2 Jul 2018
Roger Daltrey performs Tommy: CMAC, Canandaigua, NY, June 30, 2018
Back again – Canandaigua is not a major city. It’s up in Northern New York state, not far from Rochester and then Buffalo. Beautiful wooded areas and a large set of lakes called the Finger Lakes, for obvious reasons.
We’ve been here before, to the CMAC amphitheater, a little over a year ago with The Who. Same place, same vibe. It’s a wooded area, and the city itself is about two blocks of buildings from the 1800s that have been nicely restored and kept up. Our feeling is that this is largely a summer resort area, with gorgeous houses and close enough to NYC that the wealthy can get away to a second home here.
Our big surprise here was – the orchestra! After the debacle at the last show (Nashville) we weren’t expecting much out among the trees, at least 35 minutes away from a major city. Wrong!
In fact, though it may not have been the most precise of the orchestras, this crew came in and set up with good enthusiasm and smiles. They were chatty and started working on their individual parts – always a good sign.
I neglected to mention the key factor here; HEAT. It’s really hot, sweltering actually. Since we came in about 9.30am it has been blazing, part of a heatwave hitting these Eastern states this coming week. Everyone is soaked and our only respite is the meal breaks inside where the AC is cranked. Yet this orchestra also puts up with the heat and turns in a spirited rehearsal. We’re off to a better start.
The show is slightly different as we’ve changed our mixing-man. Usually Robert Collins is at the board, as he has done for years and years. But he’s got a summer tour with Eric Clapton, a longtime employer as well. So Robert’s gone off and will hand over the reins to ‘Chopper’ who works with Robert daily, handling the overall sound system. Sometimes this happens, key personnel have to leave for other concerns, but that hard part is done; figuring out the show, getting it ready and stable. Once it’s on the road, one simply needs to continue. It’s not as creative, but it’s less-stressful once you’re started and rolling.
Speaking of pinball . . . We were in Chicago, then down to Nashville, now back up to near the Canadian border! That’s a wild tour map. And the Northern location means the sun will stay out longer for us – well past 9.00pm it seems, a bit like playing in the daytime. We were hoping the setting sun would return us to some cooler weather – not really. Still hot and sticky for everyone.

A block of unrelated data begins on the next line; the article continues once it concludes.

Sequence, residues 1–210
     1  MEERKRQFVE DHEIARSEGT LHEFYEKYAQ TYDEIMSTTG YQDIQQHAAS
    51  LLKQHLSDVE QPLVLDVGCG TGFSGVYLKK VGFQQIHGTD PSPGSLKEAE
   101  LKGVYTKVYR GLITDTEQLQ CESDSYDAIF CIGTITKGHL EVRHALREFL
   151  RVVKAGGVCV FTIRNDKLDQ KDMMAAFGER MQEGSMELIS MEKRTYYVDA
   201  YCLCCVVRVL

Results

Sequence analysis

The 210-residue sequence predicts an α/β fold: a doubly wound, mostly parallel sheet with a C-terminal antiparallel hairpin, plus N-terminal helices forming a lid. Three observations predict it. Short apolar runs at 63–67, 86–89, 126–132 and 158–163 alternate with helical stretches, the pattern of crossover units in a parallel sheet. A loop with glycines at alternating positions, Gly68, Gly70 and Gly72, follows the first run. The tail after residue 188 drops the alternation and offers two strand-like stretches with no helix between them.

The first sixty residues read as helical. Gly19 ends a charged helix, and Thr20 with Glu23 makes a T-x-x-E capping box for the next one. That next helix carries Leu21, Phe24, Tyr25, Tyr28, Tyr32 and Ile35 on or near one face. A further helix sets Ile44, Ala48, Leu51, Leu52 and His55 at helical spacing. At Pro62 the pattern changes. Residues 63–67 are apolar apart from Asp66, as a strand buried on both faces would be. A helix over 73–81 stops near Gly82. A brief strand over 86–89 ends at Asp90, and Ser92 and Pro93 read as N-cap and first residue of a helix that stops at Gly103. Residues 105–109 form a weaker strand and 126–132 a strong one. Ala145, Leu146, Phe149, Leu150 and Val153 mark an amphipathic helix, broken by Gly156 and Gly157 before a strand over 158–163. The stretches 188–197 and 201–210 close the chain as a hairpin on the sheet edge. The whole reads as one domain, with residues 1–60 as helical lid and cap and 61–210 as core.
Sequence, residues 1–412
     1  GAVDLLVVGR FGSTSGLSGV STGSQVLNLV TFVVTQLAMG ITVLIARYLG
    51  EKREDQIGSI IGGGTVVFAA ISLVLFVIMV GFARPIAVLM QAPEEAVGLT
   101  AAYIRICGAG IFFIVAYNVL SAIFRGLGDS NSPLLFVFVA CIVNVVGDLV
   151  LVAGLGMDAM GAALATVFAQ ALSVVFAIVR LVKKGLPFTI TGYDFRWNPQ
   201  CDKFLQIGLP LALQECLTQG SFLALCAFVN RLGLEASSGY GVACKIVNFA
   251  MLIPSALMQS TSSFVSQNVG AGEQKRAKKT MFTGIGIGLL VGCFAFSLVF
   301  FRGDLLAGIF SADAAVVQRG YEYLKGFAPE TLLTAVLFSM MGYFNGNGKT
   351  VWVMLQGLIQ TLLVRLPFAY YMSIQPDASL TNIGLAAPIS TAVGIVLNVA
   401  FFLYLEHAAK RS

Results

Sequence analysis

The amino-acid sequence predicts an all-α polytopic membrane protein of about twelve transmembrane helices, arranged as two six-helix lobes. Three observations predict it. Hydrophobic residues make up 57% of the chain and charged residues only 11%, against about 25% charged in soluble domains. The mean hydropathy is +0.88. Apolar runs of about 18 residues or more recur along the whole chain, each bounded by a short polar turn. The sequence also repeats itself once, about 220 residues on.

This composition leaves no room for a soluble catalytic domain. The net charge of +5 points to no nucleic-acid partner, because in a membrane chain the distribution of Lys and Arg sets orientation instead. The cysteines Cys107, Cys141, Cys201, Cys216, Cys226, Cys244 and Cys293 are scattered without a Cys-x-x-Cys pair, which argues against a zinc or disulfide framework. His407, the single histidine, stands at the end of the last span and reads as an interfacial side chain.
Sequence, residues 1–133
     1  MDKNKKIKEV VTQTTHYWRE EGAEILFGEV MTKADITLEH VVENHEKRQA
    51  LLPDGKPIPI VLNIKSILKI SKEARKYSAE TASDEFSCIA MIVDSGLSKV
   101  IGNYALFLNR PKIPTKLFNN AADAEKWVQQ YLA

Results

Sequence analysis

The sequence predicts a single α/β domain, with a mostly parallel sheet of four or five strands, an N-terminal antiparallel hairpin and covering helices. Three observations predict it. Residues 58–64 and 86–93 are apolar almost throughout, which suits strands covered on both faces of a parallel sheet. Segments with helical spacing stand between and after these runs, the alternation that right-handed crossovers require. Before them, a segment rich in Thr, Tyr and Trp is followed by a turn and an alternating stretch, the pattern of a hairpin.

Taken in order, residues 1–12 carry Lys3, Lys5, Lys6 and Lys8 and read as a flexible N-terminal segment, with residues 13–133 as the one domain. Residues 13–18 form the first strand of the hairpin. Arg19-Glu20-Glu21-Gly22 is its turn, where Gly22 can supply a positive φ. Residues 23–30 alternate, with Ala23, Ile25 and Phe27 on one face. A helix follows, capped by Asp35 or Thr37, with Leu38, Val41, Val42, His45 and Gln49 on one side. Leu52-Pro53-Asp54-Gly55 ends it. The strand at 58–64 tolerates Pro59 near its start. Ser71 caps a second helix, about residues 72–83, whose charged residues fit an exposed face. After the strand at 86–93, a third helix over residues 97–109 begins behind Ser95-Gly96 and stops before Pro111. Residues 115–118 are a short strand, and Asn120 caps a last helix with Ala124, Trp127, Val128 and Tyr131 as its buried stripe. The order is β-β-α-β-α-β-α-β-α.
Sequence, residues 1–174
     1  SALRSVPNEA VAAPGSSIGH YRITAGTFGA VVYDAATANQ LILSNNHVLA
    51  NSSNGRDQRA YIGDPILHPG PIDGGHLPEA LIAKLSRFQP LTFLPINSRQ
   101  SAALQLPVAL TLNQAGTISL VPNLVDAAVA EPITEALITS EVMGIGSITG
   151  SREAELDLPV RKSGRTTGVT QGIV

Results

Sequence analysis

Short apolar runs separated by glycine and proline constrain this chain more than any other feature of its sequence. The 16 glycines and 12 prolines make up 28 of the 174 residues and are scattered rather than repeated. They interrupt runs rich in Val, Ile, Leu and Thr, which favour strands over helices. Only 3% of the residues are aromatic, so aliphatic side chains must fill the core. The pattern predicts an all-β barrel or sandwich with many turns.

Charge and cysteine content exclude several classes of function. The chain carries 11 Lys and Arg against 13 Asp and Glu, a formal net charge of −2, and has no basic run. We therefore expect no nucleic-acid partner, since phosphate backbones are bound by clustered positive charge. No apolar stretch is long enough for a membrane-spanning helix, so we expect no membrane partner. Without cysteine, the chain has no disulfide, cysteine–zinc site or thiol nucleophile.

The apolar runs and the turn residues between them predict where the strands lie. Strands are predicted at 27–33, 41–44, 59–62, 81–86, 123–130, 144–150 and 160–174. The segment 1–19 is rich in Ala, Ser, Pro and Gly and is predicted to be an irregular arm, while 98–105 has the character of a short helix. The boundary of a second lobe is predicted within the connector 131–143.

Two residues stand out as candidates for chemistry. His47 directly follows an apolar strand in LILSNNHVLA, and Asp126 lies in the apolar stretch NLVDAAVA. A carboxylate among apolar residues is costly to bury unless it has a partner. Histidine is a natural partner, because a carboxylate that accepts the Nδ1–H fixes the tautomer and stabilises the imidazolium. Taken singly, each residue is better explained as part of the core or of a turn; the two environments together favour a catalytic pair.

The show starts well, and this orchestra came alive. They really were getting into it, something we’ve only seen one or two orchestral members show usually. In this case, whole sections (First and second violins, you know who you are!) were rocking out together, heads bobbing and feet tapping. Both when resting and when playing. That’s tricky to do, actually, which is why ‘serious’ orchestras usually sit quite still – to worry about control and reading the sheet music. It seems to be a newer trend that orchestral musicians (usually young ones) start to show movement while playing. (Check YouTube for England’s excellent Britten Sinfonia group; they will show you what an active orchestra looks like!)
This group was more fun, more excited by the music, and simply a joy to work with. Not a normal symphonic group (as attached to a certain concert hall or conductor) who play together, I’m told this is more a group of hand-picked freelancers. Age seemed not to matter, as one young cellist was rocking shoulder to shoulder with one from an older generation.
Roger ended as he has done each show – with the beautiful song ‘Always Heading Home’. Everyone has left the stage, except Loren on piano and Jon on string bass. It’s poignant and moving, much like ‘Tea and Theater’ that used to end the Endless Wire Tour shows. We’ve had a lot of rocking music, beautiful and powerful, but this is a gentle ending to a night of powerful stuff.
Roger really thanked the orchestra for their efforts, shaking the hand of their concertmaster/first violin and telling the bowing orchestra to ‘soak it up’ as they had been through the hot rehearsal and a full show. They did seem to enjoy it.
I recognized contractor Steve Trudell from last year’s Classic Quadrophenia orchestral tour. The contractor hires either a specific orchestra or puts one together from players known to them. Steve works with Trans-Siberian Orchestra, Josh Groban, Rod Stewart, Robert Plant, Elton, Billy Joel, Cage the Elephant, Thirty Seconds to Mars, and Evanescence, among many . . .
This group Steve calls ‘The Festival Orchestra’ as they are his custom project given for each show – and we wish we could take them on tour with us . . . In this case, these are hired guns brought in for the occasion. Steve told me he really doesn’t want to bring boring orchestras, he likes this kind of animated, interesting musician, searching the continents for various players of skill and strong approach. His choices certainly made a difference here and last summer. We like that approach – thank you all . . .
Video by Johnson Rodd
It’s a Boy
Eyesight to the Blind
The Acid Queen
Do You Think It’s Alright?
There’s a Doctor
Go to the Mirror!
Tommy Can You Hear Me?
Smash the Mirror
Tommy’s Holiday Camp
We’re Not Gonna Take It
See Me, Feel Me
Who Are You
Always Heading Home